The greater the enlargement factor, the smaller the f-Number one must use to avoid inhibiting a desired print resolution. (Consider the formula - the f-Number must go down when enlargement factor goes up.) With two cameras having the same pixel count but different sensor dimensions, producing like-sized prints, the camera with the smaller sensor requires greater enlargement to achieve the final print dimensions, and thus, the f-Number used with the smaller sensor must be smaller, to make the Airy disk diameters at the sensor plane smaller, before the greater enlargement factor is applied to produce a like-sized print.

It's analogous to CoC diameters: Small sensors (or film formats), suffering greater enlargement factors to achieve a given print size, require smaller CoC diameters for DoF calculations, than do larger sensors (or film formats). Smaller sensors and film formats similarly require smaller Airy disk diameters (use of smaller f-Numbers) to withstand the greater enlargement factors required to achieve a given prints size.

The formula for calculating the maximum CoC diameter one should use for DoF calculations is:

(Equation 2)

CoC (mm) = viewing distance (cm) / desired final-image resolution (lp/mm) for a 25 cm viewing distance / enlargement / 25

Source: http://en.wikipedia.org/wiki/Circle_of_confusion

If we assume that your "desired final-image resolution (lp/mm)" has already incorporated your concerns for viewing distance, we can reduce the CoC calculation to this:

(Equation 3)

CoC (mm) = viewing distance (cm) / desired final-image resolution (lp/mm) / enlargement

Look familiar? (See Equation 1, above.)

Yes, enlargement factor and desired print resolution are the only variables affecting the selection of a CoC diameter for DoF calculations (assuming you have considered viewing distance when specifying your desired print resolution). And they are the only variables affecting the f-Number at which diffraction will begin to inhibit a desired resolution.

Comparing Equations 1 and 3, we can see they differ by just one divisor, the constant 0.0013533, and thus, as long as we are using Equations 2 or 3 for calculating the maximum permissible CoC diameter used for DoF calculations, we can reduce Equation 1 to this:

(Equation 4)

f-Number "limit" = CoC / 0.00135383

Which might beg the question: How is the constant derived? See David Jacobson's Lens Tutorialat http://photo.net/learn/optics/lensTutorial and search for "0.00135383".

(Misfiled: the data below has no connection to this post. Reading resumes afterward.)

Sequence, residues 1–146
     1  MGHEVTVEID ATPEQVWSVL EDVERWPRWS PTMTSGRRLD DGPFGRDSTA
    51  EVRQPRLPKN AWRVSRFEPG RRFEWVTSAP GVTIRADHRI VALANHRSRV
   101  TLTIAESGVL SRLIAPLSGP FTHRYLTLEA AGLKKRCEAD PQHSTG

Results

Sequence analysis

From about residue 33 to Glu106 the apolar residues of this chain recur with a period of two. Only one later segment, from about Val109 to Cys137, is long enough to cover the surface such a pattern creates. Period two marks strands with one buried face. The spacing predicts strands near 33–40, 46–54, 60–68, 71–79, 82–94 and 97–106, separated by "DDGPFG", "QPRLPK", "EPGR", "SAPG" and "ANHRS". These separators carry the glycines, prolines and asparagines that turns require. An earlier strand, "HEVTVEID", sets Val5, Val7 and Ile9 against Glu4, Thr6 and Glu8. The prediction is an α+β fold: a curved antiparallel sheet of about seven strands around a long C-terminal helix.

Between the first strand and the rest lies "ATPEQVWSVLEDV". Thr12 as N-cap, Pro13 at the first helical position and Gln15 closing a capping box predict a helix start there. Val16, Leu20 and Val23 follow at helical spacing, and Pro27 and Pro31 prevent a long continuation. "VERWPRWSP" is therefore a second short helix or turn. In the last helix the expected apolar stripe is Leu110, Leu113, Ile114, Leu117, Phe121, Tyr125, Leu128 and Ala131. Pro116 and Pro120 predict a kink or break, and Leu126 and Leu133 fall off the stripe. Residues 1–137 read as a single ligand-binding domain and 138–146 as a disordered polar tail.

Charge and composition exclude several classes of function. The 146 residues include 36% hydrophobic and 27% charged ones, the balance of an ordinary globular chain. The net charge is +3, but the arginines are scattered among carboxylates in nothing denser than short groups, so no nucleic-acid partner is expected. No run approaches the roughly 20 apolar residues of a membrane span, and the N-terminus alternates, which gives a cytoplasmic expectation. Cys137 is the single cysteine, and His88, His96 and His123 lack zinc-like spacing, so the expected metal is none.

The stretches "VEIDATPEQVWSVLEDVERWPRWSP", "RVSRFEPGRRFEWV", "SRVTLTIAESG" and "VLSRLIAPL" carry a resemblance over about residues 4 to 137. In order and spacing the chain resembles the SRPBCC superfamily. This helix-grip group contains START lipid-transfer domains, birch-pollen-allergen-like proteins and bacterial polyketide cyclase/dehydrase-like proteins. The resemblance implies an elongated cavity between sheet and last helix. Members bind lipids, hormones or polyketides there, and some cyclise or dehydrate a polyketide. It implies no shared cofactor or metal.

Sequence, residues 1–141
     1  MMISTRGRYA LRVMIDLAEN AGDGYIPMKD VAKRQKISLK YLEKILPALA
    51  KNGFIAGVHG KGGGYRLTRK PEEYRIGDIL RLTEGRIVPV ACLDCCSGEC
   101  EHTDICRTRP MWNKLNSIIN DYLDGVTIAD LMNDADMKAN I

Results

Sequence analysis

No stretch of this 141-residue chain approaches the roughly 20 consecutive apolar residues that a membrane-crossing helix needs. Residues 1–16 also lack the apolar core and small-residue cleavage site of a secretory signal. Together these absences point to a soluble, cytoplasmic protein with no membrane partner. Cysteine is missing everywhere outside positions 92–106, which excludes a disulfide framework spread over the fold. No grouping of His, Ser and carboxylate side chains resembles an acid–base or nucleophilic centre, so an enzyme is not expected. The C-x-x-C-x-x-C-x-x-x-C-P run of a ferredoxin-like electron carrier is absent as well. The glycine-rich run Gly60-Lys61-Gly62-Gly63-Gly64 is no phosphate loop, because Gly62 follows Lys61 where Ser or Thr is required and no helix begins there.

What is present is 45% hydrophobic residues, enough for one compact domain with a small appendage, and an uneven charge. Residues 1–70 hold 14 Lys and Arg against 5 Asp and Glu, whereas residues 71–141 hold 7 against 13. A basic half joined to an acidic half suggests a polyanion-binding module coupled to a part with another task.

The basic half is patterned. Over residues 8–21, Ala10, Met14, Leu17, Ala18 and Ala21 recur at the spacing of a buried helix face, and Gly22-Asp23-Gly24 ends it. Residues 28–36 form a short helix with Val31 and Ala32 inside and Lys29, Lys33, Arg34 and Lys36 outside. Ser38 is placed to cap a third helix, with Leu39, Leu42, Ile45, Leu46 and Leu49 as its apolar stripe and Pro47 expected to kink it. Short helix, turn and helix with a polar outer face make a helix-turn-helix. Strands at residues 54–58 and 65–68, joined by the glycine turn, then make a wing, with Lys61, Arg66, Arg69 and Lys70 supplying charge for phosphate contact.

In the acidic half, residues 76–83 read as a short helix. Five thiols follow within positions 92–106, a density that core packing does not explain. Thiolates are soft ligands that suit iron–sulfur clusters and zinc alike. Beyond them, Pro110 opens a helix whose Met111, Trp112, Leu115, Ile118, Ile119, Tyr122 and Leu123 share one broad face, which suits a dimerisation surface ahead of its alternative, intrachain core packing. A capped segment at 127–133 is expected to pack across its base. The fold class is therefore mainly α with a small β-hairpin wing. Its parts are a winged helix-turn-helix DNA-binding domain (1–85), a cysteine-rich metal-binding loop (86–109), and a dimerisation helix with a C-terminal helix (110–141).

With both CoC (defocus) and f-Number "limit" (diffraction) calculations relying on user-specification of a "desired print resolution," further reading is available here: http://www.dpreview.com/forums/post/40100820

Mike Davis

http://www.AccessZ.com

Mike Davis wrote:

bobn2 wrote:

[snip]

No-one is 'right' - so long as someone defines what they say, then they can say what they mean.

[snip]

I do have an argument over the whole McHugh 'diffraction limit' definition. My arguments are:

i) I can't see anything that would sensibly be called a 'limit'.

ii) A 'limit' that occurs at different magnifications for different cameras doesn't seem much use.

iii) Even if it were well founded and clearly demonstrable, it obviously has not been well articulated, since very many people on reading McHugh's site and discussions arising from it come away with the impression that high MP cameras give worse results than low MP cameras at small apertures, due to this diffraction limit. It is a common confusion, caused in no small part by that site and people who promulgate this bogus 'diffraction limit' idea. For instance, but one example:

http://www.dpreview.com/forums/post/52021604

-- hide signature --Bob

I define the "limit" imposed by diffraction with an equation...

The f-Number at which diffraction begins to inhibit a desired print resolution expressed in lp/mm, at an anticipated enlargement factor, an be calculated as:

(Equation 1)

f-Number "limit" = 1 / desired print resolution / anticipated enlargement factor / 0.00135383

Thus...

The greater the desired print resolution, the smaller the f-Number one must use to support an anticipated enlargement factor. (Consider the formula - the f-Number must go down when desired print resolution goes up). With all else being equal, the photographer who desires a final print resolution no higher than 2 lp/mm can use larger f-Numbers than a photographer who desires a final print resolution of 4 lp/mm - before diffraction will begin to inhibit their respective desired print resolutions at the same anticipated enlargement factor.

The greater the enlargement factor, the smaller the f-Number one must use to avoid inhibiting a desired print resolution. (Consider the formula - the f-Number must go down when enlargement factor goes up.) With two cameras having the same pixel count but different sensor dimensions, producing like-sized prints, the camera with the smaller sensor requires greater enlargement to achieve the final print dimensions, and thus, the f-Number used with the smaller sensor must be smaller, to make the Airy disk diameters at the sensor plane smaller, before the greater enlargement factor is applied to produce a like-sized print.